Location: Systematic Entomology LaboratoryTitle: A new species and new distribution records for Braconidae from Mountain Lake Biological Station in southwestern Virginia and a redescription of Pentapleura foveolata Viereck) Author
Submitted to: Zootaxa
Publication Type: Peer reviewed journal
Publication Acceptance Date: 3/19/2013
Publication Date: 4/29/2013
Citation: Kula, R.R. 2013. A new species and new distribution records for Braconidae from Mountain Lake Biological Station in southwestern Virginia and a redescription of Pentapleura foveolata Viereck. Zootaxa. 3641(5):501-523. Interpretive Summary: Parasitic wasps attack crop and forest pests that cause billions of dollars of damage annually. The parasitic wasps treated in this paper attack plant-feeding insects, including wood-boring beetles, stem- and leaf-mining flies, foliage-feeding caterpillars, and plant-sucking aphids. Increased knowledge of these wasps can help determine their impact as beneficial insects and potential use for biocontrol. This paper provides information on the diversity, distribution, and/or identification of 60 wasp species in the Western Hemisphere. Two species new to science are described; one species is redescribed to report new morphological data. New distribution records are reported for 15 species. This paper will be useful to scientists conducting research on these wasps, as well as personnel responsible for controlling and limiting the spread of pest insects.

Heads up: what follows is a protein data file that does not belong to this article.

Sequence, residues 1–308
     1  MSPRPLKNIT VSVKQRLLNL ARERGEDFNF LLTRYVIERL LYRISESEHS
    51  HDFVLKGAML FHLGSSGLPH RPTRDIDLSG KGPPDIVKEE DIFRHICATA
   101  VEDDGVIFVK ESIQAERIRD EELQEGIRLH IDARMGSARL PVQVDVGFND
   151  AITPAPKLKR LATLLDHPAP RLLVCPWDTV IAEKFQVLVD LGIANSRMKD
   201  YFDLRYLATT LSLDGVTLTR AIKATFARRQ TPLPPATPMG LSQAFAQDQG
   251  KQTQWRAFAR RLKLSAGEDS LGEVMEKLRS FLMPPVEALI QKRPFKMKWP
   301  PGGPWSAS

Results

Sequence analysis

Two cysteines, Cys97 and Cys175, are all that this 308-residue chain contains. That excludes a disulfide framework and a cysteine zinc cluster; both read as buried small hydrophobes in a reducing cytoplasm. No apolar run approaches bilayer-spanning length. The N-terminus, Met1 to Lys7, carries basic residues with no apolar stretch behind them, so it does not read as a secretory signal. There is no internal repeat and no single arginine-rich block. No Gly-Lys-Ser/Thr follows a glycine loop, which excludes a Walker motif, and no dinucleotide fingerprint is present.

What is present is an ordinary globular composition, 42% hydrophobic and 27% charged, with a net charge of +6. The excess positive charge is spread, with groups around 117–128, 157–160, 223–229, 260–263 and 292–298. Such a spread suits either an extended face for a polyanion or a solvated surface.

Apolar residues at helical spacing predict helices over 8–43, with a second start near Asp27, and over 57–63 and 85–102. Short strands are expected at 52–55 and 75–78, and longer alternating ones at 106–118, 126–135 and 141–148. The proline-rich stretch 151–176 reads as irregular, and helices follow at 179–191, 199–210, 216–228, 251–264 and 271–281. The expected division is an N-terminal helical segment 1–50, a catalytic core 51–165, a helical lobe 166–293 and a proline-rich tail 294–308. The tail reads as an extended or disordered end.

Technical Abstract: One new species of Alysiinae, Coelinius wrayi Kula, is described. Pentapleura foveolata Viereck, also in Alysiinae and previously known only from a male collected at the type locality in Connecticut, is redescribed based on six females and two males collected at Mountain Lake Biological Station (MLBS) in Virginia. Morphological variation for Alysia (Alysia) salebrosa Wharton is discussed given variation observed in specimens from MLBS. Sixty-two species of Braconidae collected at MLBS in August of 2009 are listed along with 12 species reported previously from MLBS. Host use for the 62 species is discussed; 31 are in Alysiinae or Opiinae, subfamilies that exclusively contain parasitoids of cyclorrhaphous flies. Fifteen species are reported from Virginia for the first time. Problematic couplets in a key to species of Spathius Nees for North America (Marsh & Strazanac 2009) are discussed using specimens from MLBS.